Since several years marketers are debating the evolution of marketing from the inbound marketing versus “outbound” perspective. Inbound marketing is defined as all forms of (mostly digital) marketing whereby people “find” your company/products/services and that includes tactics and channels such as social media marketing, SEO, SEA, blog marketing and content marketing.
Outbound marketing is basically what we once used to call “push marketing”: direct mail, telemarketing, trade shows, etc. In the US, email marketing is often considered as “outbound” but as HubSpot’s Mike Volpe told me at a conference, his company, that really “owns” the term inbound marketing, defines email marketing as outbound if it’s not permission-based.
Personally, I think there is no other form of email marketing. If it’s not opt-in, it’s not email marketing. Period.
This distinction between inbound marketing and outbound marketing is constantly put in the spotlight by hammering on the growing importance of “inbound” compared to the stagnation of “outbound”. And, yes, indeed, the budgets that are invested in social media marketing, content marketing and other forms of inbound marketing continue to grow significantly while many “outbound” channels and methods stagnate or grow slower.
Marketing thinking is often black and white: the customer reality is not
The distinction between “inbound” and “outbound” is really an artificial and meaningless one and maintained primarily by businesses that make a living doing “inbound”. It is also proof of black and white thinking (as is always the case in “A” versus “B” debates).
I could give more examples but that’s not really the debate. People do not think in those terms of inbound and outbound, only marketers. Consumers (and we all are) have a very complex, far from linear, life and buying cycle. Media behavior, communication behaviour and information gathering processes are not linear either. They increasingly move online and become fragmented but that’s the only certainty and we tend to forget all too often offline interactions.
Getting rid of media and channel centric thinking: customer-centricity is media agnostic
In practice, people find companies or products not just by blogs, social media and tutti quanti. They find them through advertisements, promotional mailings and TV advertising as well. It’s the journey and mix that matter, not the medium.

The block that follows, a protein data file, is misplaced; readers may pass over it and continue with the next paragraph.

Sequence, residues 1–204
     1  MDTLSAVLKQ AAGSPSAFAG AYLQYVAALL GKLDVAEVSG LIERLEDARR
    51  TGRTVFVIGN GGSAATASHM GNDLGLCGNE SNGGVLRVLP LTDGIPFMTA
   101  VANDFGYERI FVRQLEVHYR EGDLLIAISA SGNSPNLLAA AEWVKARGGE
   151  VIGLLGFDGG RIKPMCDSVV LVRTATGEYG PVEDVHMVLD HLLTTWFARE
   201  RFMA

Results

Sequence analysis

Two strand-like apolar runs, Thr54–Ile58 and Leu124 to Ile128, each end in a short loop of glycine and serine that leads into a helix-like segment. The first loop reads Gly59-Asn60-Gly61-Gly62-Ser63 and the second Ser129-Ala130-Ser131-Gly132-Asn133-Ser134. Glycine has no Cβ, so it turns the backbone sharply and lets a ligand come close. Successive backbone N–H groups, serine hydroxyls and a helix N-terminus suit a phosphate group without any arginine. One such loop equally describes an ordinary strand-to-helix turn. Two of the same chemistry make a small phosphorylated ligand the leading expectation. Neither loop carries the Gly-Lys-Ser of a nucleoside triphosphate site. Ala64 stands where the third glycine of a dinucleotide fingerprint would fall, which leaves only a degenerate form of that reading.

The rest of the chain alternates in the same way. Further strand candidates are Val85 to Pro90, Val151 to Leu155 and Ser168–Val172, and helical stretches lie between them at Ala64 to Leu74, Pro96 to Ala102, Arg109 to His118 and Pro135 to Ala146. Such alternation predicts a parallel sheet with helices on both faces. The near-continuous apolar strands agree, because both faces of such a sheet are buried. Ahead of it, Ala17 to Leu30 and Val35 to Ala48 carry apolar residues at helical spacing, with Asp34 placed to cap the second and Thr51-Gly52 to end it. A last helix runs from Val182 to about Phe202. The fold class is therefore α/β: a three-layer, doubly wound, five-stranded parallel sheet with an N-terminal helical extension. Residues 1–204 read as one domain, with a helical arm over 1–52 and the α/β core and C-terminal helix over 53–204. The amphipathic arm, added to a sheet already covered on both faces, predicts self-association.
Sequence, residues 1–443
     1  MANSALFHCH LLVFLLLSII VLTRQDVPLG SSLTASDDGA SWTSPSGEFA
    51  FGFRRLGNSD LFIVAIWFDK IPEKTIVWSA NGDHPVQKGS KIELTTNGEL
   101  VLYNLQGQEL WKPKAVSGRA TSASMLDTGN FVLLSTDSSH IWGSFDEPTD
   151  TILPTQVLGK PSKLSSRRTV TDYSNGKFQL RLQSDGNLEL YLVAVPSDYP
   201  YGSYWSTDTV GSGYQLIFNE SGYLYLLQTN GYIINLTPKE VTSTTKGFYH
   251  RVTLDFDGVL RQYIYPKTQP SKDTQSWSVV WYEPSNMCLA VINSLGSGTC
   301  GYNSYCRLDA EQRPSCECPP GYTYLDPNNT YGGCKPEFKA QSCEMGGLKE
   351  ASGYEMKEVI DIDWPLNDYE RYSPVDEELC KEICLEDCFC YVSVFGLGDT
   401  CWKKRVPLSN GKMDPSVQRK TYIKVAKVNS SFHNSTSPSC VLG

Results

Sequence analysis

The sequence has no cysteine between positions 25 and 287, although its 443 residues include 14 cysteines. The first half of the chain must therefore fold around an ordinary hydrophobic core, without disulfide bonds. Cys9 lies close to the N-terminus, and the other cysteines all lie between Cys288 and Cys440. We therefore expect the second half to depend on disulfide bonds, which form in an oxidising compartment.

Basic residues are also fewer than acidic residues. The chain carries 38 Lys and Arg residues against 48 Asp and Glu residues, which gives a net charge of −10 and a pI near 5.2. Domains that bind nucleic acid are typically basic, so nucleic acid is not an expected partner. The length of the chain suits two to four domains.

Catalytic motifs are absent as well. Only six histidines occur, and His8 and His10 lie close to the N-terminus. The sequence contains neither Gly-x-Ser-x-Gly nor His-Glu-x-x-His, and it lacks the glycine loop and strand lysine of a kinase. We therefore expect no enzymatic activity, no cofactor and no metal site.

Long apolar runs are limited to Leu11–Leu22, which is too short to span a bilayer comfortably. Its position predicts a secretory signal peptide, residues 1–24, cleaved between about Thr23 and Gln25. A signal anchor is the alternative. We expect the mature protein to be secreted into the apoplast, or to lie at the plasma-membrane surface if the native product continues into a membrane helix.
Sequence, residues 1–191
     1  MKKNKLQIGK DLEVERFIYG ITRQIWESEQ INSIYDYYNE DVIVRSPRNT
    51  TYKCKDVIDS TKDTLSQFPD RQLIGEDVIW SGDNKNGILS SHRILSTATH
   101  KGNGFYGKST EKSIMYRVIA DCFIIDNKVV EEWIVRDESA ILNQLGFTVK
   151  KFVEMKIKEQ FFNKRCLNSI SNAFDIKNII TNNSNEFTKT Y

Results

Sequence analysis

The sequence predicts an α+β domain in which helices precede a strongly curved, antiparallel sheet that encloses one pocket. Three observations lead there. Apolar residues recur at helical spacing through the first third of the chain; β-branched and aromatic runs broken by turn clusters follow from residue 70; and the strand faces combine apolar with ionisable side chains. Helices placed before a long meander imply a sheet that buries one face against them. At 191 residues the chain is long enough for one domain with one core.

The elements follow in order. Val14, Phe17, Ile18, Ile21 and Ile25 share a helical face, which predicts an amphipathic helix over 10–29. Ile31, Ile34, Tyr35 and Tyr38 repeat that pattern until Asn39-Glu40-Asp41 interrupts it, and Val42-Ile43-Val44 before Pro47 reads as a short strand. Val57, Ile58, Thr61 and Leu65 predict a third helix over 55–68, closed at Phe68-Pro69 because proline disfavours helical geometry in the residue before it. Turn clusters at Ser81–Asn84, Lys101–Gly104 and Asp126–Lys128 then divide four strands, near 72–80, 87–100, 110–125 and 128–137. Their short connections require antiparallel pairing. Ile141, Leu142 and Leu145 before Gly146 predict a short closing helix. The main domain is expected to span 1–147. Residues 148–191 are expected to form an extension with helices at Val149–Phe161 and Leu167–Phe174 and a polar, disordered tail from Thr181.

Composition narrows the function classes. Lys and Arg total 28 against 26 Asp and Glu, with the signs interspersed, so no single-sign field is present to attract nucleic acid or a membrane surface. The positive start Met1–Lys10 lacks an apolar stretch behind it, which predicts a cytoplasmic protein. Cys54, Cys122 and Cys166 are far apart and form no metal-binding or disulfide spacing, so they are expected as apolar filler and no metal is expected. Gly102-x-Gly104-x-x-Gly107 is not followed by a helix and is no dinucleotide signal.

Of course, for marketing theories and reports on changing behavior and shifting marketing spend, it can be useful to focus on some specific channels or categories that we have introduced such as inbound and outbound. However, the consumer couldn’t care less and communication, information gathering and buying behavior all raise above these categorizations.
What matters for a consumer is that the way he gets approached and is “invited” (directly by a message or indirectly by content, for instance) is contextually meaningful, appealing and adapted to what he wants here and now through a combination of channels that is adapted to his behavior and preferences.
The big problem with the antithesis of “inbound” and “outbound” is that it starts from a medium and message viewpoint instead of from a customer-centric one. Customer-centricity is what matters most in the way we market and do business. Companies that fail at working in a customer-centric way, also fail in collaborating and moving outside the old-fashioned silos and away from territorial behaviour, leading to confusing brand messages, a lack of consistency and message-centric thinking. They are blinded by the here and now, focus on what has always worked and grow at a slower pace (if at all) than organizations that do know how to overcome the individual urgencies and priorities of departments.
All this being said, below is an infographic from US-based mdg advertising for those who like to talk about inbound versus outbound (and it does contain some interesting data) or the statistics’ lovers. Most data in it come from HubSpot, as said almost considered as the “inventors” of the concept of inbound marketing.